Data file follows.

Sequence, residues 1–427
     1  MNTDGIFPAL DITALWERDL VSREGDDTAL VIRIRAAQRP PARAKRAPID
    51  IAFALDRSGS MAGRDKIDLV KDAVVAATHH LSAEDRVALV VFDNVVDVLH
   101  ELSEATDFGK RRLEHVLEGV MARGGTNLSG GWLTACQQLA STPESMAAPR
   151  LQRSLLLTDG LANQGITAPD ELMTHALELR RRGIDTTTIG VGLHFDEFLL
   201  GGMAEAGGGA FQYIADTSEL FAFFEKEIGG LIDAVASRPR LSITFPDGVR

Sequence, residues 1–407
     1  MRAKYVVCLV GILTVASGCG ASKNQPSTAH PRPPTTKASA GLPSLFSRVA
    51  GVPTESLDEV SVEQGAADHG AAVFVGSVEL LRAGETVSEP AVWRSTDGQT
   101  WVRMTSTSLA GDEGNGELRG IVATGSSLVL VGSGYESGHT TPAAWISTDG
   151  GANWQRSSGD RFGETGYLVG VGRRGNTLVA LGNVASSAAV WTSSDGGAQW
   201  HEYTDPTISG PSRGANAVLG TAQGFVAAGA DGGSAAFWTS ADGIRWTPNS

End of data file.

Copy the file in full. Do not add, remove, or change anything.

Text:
Sequence, residues 1–427
     1  MNTDGIFPAL DITALWERDL VSREGDDTAL VIRIRAAQRP PARAKRAPID
    51  IAFALDRSGS MAGRDKIDLV KDAVVAATHH LSAEDRVALV VFDNVVDVLH
   101  ELSEATDFGK RRLEHVLEGV MARGGTNLSG GWLTACQQLA STPESMAAPR
   151  LQRSLLLTDG LANQGITAPD ELMTHALELR RRGIDTTTIG VGLHFDEFLL
   201  GGMAEAGGGA FQYIADTSEL FAFFEKEIGG LIDAVASRPR LSITFPDGVR

Sequence, residues 1–407
     1  MRAKYVVCLV GILTVASGCG ASKNQPSTAH PRPPTTKASA GLPSLFSRVA
    51  GVPTESLDEV SVEQGAADHG AAVFVGSVEL LRAGETVSEP AVWRSTDGQT
   101  WVRMTSTSLA GDEGNGELRG IVATGSSLVL VGSGYESGHT TPAAWISTDG
   151  GANWQRSSGD RFGETGYLVG VGRRGNTLVA LGNVASSAAV WTSSDGGAQW
   201  HEYTDPTISG PSRGANAVLG TAQGFVAAGA DGGSAAFWTS ADGIRWTPNS